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I am studying "Sheaves in Geometry and Logic" by Mac Lane & Moerdijk.

In their construction of a topos satisfying $\lnot CH$ they work entirely in the Grothendieck topos of double negation sheaves over the forcing poset. Only at the very end do they point out that one can choose an arbitrary ultrafilter on the Boolean algebra of regular opens, by a simple application of Zorn's lemma; and quotient out by this ultrafilter to return a "two-valued" model.

They note that generic filters are not present in their construction.

My intuition struggles with this.

  • If $\mathbb{P}$ is our forcing poset (Say, separative), and $B$ is the lattice of regular opens of $\mathbb{P}$, and $\iota : \mathbb{P} \to B$ is the usual inclusion map, then for $\mathcal{U}$ an arbitrary ultrafilter on $B$, $\iota^{-1}(\mathcal{U})$ may not contain any element of a regular open $A \subset \mathbb{P}$ even though $A \in \mathcal{U}$. Since the forcing translation interprets statements as regular opens, then a sentence may be "true in the model $M[G]$" or $V[G]$ even without any $p$ that forces $\varphi$ to be true. This destroys the "Truth Lemma" in Kunen's set theory book, which says that every sentence which is true in $M[G]$ is forced by some $p \in G$, which is a central part of the forcing argument.
  • Even working in the category of sheaves over $\mathbb{P}$ with respect to the double negation topology, if $A$ is a sheaf in the double negation topology over $\mathbb{P}$, and $G$ is a generic filter, then if we define $A_G$ to be the "localization of $A$ at the point $G$" i.e. the colimit of $A$ restricted to $G$, then it's an easy induction argument that a formula of basic first order logic with equality, with parameters from $A_G$, is true iff it is forced by some $p$ in $G$ and some representatives of the germ parameters from $A_G$. (Here I am using forcing in the sense of the Kripke Joyal semantics.) But this induction argument depends in an essential way on the assumption that the filter is generic.
  • If $V^B$ is a boolean valued model of set theory, then quotienting out by an arbitrary ultrafilter might result in sentences $\exists x \varphi(x)$ that are deemed valid even though for no set $a$ is the formula $\varphi(a)$ valid. Genericity rescues us here.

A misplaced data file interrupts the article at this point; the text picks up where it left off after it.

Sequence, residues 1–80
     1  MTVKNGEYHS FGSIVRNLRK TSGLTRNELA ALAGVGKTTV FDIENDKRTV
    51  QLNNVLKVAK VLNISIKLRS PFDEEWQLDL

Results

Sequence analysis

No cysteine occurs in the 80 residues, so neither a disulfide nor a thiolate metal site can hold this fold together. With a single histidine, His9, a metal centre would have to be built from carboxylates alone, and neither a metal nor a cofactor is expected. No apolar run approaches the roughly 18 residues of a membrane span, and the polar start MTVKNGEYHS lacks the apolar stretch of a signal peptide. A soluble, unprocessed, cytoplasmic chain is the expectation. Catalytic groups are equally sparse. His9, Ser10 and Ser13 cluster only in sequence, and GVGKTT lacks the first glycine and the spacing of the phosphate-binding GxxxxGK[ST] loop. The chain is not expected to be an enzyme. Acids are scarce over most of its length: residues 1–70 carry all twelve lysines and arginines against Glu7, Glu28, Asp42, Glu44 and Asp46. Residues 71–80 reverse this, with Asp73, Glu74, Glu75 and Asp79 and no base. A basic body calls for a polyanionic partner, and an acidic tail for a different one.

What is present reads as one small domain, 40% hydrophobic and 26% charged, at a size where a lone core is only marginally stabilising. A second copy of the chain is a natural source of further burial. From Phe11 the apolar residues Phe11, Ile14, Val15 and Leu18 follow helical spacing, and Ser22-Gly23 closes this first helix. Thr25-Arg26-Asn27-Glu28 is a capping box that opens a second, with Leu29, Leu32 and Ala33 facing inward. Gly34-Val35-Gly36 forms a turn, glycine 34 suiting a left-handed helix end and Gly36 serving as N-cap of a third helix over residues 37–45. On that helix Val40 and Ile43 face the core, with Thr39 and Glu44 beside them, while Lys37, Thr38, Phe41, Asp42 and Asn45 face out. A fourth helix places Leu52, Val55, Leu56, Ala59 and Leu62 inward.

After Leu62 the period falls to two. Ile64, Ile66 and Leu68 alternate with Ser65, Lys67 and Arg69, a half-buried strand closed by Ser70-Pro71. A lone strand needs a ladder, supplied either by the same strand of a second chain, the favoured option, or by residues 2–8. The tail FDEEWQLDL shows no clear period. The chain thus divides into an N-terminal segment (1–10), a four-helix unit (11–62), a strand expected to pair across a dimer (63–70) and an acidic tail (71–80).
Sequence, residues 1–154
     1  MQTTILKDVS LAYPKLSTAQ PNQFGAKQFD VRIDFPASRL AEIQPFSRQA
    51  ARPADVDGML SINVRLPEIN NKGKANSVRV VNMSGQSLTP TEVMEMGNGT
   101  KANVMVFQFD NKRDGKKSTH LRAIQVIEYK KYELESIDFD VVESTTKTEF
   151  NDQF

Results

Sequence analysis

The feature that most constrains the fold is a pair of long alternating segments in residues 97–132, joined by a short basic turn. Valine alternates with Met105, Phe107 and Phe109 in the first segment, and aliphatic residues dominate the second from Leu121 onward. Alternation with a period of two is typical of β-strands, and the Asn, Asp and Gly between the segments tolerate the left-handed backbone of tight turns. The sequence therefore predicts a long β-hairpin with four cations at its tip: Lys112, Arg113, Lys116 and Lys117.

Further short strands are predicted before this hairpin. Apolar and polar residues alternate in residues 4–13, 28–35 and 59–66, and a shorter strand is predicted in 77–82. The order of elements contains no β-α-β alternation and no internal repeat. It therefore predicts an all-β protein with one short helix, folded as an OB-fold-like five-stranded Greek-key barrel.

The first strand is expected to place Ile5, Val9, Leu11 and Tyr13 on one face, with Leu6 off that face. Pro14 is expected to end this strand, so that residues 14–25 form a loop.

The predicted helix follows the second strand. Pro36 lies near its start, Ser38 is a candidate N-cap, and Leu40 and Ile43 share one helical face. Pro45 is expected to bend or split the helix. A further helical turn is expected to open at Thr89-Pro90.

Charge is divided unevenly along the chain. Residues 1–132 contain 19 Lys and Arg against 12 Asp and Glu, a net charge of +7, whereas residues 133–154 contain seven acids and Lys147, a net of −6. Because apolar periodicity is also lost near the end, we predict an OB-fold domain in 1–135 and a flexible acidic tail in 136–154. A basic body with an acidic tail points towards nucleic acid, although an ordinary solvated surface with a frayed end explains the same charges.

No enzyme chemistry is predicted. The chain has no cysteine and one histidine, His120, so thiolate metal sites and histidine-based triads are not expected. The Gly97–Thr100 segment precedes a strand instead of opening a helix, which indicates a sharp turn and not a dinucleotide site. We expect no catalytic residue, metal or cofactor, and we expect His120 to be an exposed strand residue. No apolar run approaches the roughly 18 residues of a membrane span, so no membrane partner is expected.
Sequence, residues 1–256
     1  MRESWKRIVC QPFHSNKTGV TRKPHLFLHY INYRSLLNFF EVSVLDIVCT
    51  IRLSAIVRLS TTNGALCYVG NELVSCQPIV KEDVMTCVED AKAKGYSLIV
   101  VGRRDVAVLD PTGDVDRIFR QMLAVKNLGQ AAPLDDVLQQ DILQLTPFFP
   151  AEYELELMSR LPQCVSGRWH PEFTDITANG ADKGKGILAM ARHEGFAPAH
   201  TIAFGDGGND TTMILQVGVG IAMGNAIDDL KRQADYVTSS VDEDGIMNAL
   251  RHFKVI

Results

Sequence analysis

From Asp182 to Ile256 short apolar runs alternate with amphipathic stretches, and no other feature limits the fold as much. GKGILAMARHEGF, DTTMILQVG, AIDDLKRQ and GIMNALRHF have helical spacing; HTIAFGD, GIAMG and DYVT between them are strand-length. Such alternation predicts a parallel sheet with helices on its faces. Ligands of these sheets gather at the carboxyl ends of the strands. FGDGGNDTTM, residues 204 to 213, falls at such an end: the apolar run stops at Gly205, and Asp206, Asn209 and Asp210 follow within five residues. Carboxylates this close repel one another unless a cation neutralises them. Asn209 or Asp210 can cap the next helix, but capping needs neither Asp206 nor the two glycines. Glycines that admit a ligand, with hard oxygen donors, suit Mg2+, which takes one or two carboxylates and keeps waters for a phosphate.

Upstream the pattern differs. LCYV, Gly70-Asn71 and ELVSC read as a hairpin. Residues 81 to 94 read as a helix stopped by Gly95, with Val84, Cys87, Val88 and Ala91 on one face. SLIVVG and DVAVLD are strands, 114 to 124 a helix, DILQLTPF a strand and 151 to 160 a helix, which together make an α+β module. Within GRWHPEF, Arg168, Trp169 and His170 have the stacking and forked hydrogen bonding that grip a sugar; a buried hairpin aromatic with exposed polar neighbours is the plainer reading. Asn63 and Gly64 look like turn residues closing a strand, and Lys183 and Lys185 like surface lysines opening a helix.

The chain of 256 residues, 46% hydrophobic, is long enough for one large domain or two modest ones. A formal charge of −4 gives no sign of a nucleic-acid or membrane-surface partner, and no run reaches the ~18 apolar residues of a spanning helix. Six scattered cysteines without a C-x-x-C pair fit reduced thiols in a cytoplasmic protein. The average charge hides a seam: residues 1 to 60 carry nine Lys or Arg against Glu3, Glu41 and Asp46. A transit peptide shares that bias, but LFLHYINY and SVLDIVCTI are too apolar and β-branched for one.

Everywhere you look in standard forcing arguments, the assumption of genericity is playing some role. It makes it difficult for me to understand the correspondence between the two proof techniques and establish a translation between them. How, then, intuitively, does Mac Lane get away with saying "choose an arbitrary ultrafilter by Zorn's lemma and quotient out by it" without mentioning genericity once?

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    $\begingroup$ The only real use of generic filters is to get a well-founded quotient of the Boolean-valued model. I suspect that coming from a topos theoretic point of view, they care diddly squat about well-founded models. $\endgroup$
    – Asaf Karagila
    Feb 7, 2019 at 8:11
  • $\begingroup$ The topology (in the unfortunate sense of Definition 1&2 pg. 111, from Sheaves in geom & logic.) described in example (e) of pg. 115 (Sheaves in geom & logic) labeled "the dense topology" is used in an attempt to abstract away the notion of genericity. The proofs of Lemma's 2, 3, and 4, seem to high-light this. $\endgroup$
    – Not Mike
    Mar 2, 2019 at 19:53

1 Answer 1

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Suppose $\mathbb{P}$ is a forcing poset, and we first consider the topos of presheaves on $\mathbb{P}$. Then define $G(p) := \{ q \in \mathbb{P} \mid p \le q \}$ with restriction maps being the obvious inclusions. This defines an object of the topos which is a subobject of the constant presheaf $\mathbb{P}$, or equivalently a global section of $P(\mathbb{P})$, such that $p \Vdash q \in G$ if and only if $p \le q$.

Within this topos model, we also have that $G$ is a filter of $\mathbb{P}$. Furthermore, in this model, $G$ is not not generic: namely, if $D$ is a dense subtype of $\mathbb{P}$ in the base type theory, then for any $p \in \mathbb{P}$, there is some $q \le p$ with $q \in D$, so $q \Vdash q \in G \cap D$. Thus, every $p \not\Vdash G \cap D = \emptyset$, which implies $\Vdash G \cap D \ne \emptyset$ (in the sense of the negation of $G \cap D = \emptyset$, not in the constructive sense of $\exists x, x \in G \cap D$).

Thus, once we pass to the topos of sheaves with respect to the double negation topology, then in that model of type theory, the sheafification of $G$ forms an object satisfying that $G^+$ is a generic filter of the constant sheaf $\mathbb{P}$. So, $G^+$ can stand in where $G$ appears in usual set forcing arguments; for example, if $\mathbb{P}$ is the Cohen forcing poset of functions from a finite subset of $\mathbb{N} \times S$ to $\{ 0, 1 \}$ where $S$ is a type of large enough cardinality, then the usual argument starts with $\bigcup G^+ : \mathbb{N} \times S \to \{ 0, 1 \}$ and uses genericity of $G^+$ to show that this is an entire function with the corresponding function $S \to P(\mathbb{N})$ being injective, etc.

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  • $\begingroup$ This actually seems to be closely related to my (currently unanswered) question here. If you can shed any more light there, that would be fantastic. $\endgroup$ Feb 16, 2019 at 20:05

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